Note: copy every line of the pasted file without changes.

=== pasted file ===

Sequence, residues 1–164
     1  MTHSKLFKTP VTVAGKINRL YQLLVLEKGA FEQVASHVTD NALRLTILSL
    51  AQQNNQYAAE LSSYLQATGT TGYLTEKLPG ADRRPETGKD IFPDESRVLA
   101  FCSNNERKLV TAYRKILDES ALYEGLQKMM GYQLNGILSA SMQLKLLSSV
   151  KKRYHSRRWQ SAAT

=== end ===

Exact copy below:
Sequence, residues 1–164
     1  MTHSKLFKTP VTVAGKINRL YQLLVLEKGA FEQVASHVTD NALRLTILSL
    51  AQQNNQYAAE LSSYLQATGT TGYLTEKLPG ADRRPETGKD IFPDESRVLA
   101  FCSNNERKLV TAYRKILDES ALYEGLQKMM GYQLNGILSA SMQLKLLSSV
   151  KKRYHSRRWQ SAAT